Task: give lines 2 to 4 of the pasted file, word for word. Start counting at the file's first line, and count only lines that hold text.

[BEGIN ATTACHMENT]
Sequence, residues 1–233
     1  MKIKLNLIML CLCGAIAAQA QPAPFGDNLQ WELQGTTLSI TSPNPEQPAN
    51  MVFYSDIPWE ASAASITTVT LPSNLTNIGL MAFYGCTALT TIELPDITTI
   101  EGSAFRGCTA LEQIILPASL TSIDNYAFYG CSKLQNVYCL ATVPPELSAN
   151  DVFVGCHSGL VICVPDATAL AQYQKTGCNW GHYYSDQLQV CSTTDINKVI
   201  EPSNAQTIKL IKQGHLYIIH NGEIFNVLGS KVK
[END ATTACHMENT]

     1  MKIKLNLIML CLCGAIAAQA QPAPFGDNLQ WELQGTTLSI TSPNPEQPAN
    51  MVFYSDIPWE ASAASITTVT LPSNLTNIGL MAFYGCTALT TIELPDITTI
   101  EGSAFRGCTA LEQIILPASL TSIDNYAFYG CSKLQNVYCL ATVPPELSAN